01-23-2013, 16:18
This one time, at band camp...

01-23-2013, 17:01
I had a similar experience where I accidentally got decaf! That's worse, because you don't realize there's a problem until it's too late! Whoa!! That's it! I declare your situation the most dire. :)

01-23-2013, 17:13
near the top of a mountain in tenn there was some seepage across a solid rock section of the trail that curved up and around toward the top of the mountain
there was moss covered rock from the seepage on the right side of the trail and a drop off several hundred feet. I stepped to the right side of the trail to get a view up and around the side of the mountain , my feet slipped on the moss and I fell on my ass luckily the weight of my pack pushed me back instead of forward and i fell back on the trail instead of over the side of the mountain . There was two skid marks in the moss which dissapeared over the side of the mountain . As i set on my ass It took me a while to realize what happethen i thought what a stupid damn mistake I knew better then to step out on wet moss I broke up the skid marks with my treking before

01-23-2013, 17:16
i left i did not want some hiker to come along see the skid marks and think someone fell over the side. I have made other mistakes but none that scared the crap out of me like this one did.

01-23-2013, 20:30
My sister was on a bear task force to gather info on whether Md should have a bear season. There are recorded times of people being killed by black bears on the east coast,and they were not pet bears they were wild. One thing you have to remember bears also get rabies. We had a b bear in our county run across a yard and chase some people into their house. It was trying to rip the air conditionar out to get at them when they shot it . It was tested and showed up with rabies. The family had to get rabies shots because they helped the dnr load the dead bear up. dnr had gloves on they didn't . duhhh

01-23-2013, 22:13
I descended the north slope of Mt. Moosilauki after a rain. Never again.

01-24-2013, 02:04
I once thought about carving my name on a shelter, but I noticed someone with a camera just in time.

01-24-2013, 13:49
Got lost in Death Valley for about 2 hours, before realizing I was going the wrong way and doubling back.

About 4 miles south of Dennis Cove, hiking during a thnderstorm had a tree fall 30 feet uphill of me and come barreling towrds me got within 6 ft of me then hit a standing tree.

Tripped on a tree root 10 miles north of Damascus, fell 10 feet down a steep hillside before hitting a tree square with my nose. Had a gushing nose bleed for about 5 minutes.

Coffee Rules!
01-24-2013, 14:42
There was two skid marks in the moss which dissapeared over the side of the mountain .

I'll bet that's not the only place there were skid marks! Holy crap!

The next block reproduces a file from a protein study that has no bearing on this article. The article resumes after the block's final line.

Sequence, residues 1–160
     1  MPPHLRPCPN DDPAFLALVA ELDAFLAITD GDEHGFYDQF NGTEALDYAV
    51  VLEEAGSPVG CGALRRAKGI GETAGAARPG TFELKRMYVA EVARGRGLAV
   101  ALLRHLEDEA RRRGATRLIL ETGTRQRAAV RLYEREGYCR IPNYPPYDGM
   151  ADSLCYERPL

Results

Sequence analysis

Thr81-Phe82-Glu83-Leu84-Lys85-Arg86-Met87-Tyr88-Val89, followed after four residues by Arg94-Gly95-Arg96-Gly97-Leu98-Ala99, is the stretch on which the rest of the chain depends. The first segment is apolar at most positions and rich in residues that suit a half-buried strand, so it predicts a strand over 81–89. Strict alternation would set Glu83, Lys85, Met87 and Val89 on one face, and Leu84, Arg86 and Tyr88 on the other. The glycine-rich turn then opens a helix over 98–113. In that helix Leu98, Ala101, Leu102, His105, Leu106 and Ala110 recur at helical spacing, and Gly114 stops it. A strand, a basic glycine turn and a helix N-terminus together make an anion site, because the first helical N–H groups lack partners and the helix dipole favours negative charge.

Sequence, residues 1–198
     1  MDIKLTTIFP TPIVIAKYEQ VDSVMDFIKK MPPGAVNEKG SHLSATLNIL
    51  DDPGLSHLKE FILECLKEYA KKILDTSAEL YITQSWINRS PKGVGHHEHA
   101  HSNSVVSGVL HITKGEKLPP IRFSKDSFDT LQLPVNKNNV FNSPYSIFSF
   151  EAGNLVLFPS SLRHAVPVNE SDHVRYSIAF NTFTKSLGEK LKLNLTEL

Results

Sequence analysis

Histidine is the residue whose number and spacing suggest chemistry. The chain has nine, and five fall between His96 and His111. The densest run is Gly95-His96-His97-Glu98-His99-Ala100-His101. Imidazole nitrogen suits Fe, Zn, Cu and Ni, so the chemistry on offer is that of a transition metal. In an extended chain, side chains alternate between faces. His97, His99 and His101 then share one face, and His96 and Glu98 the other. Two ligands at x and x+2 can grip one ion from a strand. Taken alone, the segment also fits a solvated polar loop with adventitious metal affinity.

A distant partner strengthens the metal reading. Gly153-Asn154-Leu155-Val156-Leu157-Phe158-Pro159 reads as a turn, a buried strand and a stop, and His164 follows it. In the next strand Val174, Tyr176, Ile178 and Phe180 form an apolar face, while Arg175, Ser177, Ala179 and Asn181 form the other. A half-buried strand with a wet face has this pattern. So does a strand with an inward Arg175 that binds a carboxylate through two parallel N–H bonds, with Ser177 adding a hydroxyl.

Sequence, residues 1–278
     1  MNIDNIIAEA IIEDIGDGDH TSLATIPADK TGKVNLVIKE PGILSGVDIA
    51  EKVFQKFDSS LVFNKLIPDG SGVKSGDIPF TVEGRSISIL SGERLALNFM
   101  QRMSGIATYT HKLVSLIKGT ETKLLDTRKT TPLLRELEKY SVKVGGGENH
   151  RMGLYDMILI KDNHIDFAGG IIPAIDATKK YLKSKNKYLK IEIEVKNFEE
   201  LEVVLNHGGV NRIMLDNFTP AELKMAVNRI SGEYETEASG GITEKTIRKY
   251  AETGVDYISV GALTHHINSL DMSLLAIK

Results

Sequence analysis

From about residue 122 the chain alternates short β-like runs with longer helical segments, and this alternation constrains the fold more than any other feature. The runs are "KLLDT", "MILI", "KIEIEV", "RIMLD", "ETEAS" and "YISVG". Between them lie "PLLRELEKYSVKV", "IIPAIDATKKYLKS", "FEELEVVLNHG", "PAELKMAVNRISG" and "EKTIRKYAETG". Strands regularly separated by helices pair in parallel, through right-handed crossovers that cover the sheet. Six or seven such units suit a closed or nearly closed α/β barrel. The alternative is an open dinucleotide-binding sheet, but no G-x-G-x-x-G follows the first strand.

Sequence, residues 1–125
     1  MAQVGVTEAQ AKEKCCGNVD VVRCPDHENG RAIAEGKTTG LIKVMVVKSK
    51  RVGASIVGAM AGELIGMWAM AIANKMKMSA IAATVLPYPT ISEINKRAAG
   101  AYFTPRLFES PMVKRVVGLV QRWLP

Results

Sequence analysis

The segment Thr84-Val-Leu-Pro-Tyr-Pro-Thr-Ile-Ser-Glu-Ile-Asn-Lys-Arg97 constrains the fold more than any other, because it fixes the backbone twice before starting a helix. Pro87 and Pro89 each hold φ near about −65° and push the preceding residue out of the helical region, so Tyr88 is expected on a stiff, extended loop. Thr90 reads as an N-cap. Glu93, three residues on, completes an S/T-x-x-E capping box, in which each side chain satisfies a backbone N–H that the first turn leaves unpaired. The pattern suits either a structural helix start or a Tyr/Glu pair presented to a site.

01-24-2013, 16:08
This 1 time at band camp.................:)

Capt Nat
01-24-2013, 16:44
I'll bet that's not the only place there were skid marks! Holy crap!
I was thinking the same thing Mr. Coffee. Least I know I would have had another skid mark besides the ones he mentioned.

01-24-2013, 17:05
This 1 time at band camp.................:)I have no close calls, that would in-tell actually hiking ...I think. :o great stories here, learnin lots. I also enjoyed (found it informative) the book, "Not without Peril" about accidents on NH, White Mountain over the years....good book!

The Phoenix
01-24-2013, 18:05
My most recent close call was in Great Basin National Park this past fall... We were hiking Wheeler Peak (13,063) and what started out as a clear and beautiful morning turned into a hellish afternoon. Right when we summited the mountain thunder shock the mountain, and lightning began striking down left and right... everything metal was charged with electricity and hair was standing straight up... within seconds of the first strike of lightning, rain/hail began falling at a rate that made me feel like I was Forrest Gump in Vietnam.

We sprinted down slick rocks in a nightmare of a storm, dealing with sub 30 weather and absolute exposure for about 2.5-3 miles and a steep decent... it seemed like lightning chased us all the way...

Not very fun and could have easily made the news for all the wrong reasons.

Many close calls on the AT involving flash flooding, hiking in the snow with just my crocs, gym shorts, and football jersey... I am a relatively stupid hiker!

01-24-2013, 18:05
This one time on everest a few buddies of mine died in a freak storm close to the summit. I wrote a book about it, you should check it out.

HAH! Gotcha.

Whatever the next shelter is north of Max Patch, I was just outside of in my hammock. Had a bear come up and sniff my butt in the middle of the night. Thought my heart was going to jump out of my throat. Luckily my butt stank worse than he did and he left me alone. Thank god for velveeta, hot dogs, and pasta sides.

Almost There
01-25-2013, 15:36
Two times: Lighting struck within 60-80ft of me on Cowrock Mountain.

Descending Katahdin in a hail and lightening storm. Man I got through that boulder field fast, leaving my hiking partner behind. I had my headlamp in my daypack. He did not. It was pitch dark by the time he made it near the falls, and so he had to hunker down out of fear of falling into the ravine. I went back to look for him, but my batteries were dying, and so he showed up just after first light at the lean-to. Needless to say he didn't think I was an idiot anymore for bringing my headlamp along.